What is mould?
A mould is a fungus that grows in the form of multicellular filaments called hyphae.Molds are a large and taxonomically diverse number of fungal species where the growth of hyphae results in discoloration
and a fuzzy appearance, especially on food.Molds cause biodegradation of natural materials, which can be unwanted when it becomes food spoilage or damage to property.
Some diseases of animals and humans can be caused by certain molds:disease may result from allergic sensitivity to mold spores,from growth of pathogenic molds within the body, or from the effects of ingested or inhaled toxic compounds (mycotoxins) produced by molds.
How does it happened and how to prevent it?
Damp and mould are caused mainly by poor ventilation that causes excessive moisture. Excess moisture indoors is result of condensation, which forms when the air inside cannot hold the moisture. Cooking, showering,drying clothes can cause this indoorsand less likely human breath.
The best way to prevent the excess moisture is:
- while you are cooking, make sure the extraction fan is on and lid is placed on the saucepan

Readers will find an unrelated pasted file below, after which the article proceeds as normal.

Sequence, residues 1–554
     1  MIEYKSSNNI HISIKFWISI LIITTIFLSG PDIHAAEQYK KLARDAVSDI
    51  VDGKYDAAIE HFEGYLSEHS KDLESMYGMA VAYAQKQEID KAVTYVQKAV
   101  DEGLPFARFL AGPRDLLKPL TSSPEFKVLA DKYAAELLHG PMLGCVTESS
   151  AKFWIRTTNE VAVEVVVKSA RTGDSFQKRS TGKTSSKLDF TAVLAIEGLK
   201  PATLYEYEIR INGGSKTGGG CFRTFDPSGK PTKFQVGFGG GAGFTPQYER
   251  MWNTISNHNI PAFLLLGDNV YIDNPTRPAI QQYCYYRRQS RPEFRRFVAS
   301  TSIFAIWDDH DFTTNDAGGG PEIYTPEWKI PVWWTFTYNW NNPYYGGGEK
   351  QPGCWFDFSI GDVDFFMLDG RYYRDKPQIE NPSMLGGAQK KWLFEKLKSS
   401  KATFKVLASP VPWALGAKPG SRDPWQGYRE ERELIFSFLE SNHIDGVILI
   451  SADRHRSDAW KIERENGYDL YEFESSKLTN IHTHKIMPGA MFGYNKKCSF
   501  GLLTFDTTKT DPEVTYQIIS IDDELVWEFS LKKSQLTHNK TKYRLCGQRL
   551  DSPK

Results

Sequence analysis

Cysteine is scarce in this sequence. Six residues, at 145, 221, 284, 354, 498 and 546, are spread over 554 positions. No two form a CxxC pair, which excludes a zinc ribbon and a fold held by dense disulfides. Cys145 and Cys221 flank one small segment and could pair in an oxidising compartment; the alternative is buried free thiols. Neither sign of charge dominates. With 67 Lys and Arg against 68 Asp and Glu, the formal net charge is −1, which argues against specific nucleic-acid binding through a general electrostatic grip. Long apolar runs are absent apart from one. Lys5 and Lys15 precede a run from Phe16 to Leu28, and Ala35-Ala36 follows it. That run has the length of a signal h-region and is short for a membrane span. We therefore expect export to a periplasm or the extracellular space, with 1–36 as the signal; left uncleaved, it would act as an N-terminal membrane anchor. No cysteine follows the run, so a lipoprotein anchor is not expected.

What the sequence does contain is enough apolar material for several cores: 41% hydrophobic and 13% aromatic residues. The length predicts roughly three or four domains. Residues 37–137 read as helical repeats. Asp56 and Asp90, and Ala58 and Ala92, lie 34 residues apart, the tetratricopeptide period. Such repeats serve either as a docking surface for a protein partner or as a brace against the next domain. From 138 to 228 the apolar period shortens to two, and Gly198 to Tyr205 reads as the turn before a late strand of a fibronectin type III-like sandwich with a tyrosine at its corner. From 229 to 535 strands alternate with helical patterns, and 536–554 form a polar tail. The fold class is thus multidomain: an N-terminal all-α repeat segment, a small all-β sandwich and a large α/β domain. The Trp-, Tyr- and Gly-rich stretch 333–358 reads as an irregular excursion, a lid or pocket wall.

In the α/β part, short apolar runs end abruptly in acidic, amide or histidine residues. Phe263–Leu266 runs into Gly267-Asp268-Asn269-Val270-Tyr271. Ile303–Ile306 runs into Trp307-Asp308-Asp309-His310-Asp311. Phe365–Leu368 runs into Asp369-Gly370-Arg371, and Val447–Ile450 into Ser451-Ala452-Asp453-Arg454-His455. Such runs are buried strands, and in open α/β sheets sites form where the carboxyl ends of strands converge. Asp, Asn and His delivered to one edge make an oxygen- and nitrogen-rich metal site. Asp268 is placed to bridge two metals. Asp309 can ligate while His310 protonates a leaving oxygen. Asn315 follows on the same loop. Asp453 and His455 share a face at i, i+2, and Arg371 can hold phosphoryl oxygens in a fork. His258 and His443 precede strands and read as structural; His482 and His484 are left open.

- after you finis showering make sure you open the window of the bathroom and close the door of the room you are in
- try to dry your clothes outdoors as much as possible, or if it is not, tumble dryer is an option
- Make sure you open the window in your bedroom for at least 15 min morning and evening to allow fresh air to come in.
- Make sure your house is insulated properly and use you heating more
Why mould needs to be treated professionally?
Occupants of damp or mouldy buildings are at increased risk of experiencing health problems such as respiratory symptoms, respiratory infections, allergic rhinitis and asthma.
Some people are more sensitive to mould than others,and some groups are especially vulnerable.
Additional effort should be made to keep away from damp and mould babies and children, elderly people, those with existing skin problems, such as eczema, or respiratory problems,such as allergies and asthma.
(Soures:NHS,WHO and Wikipedia)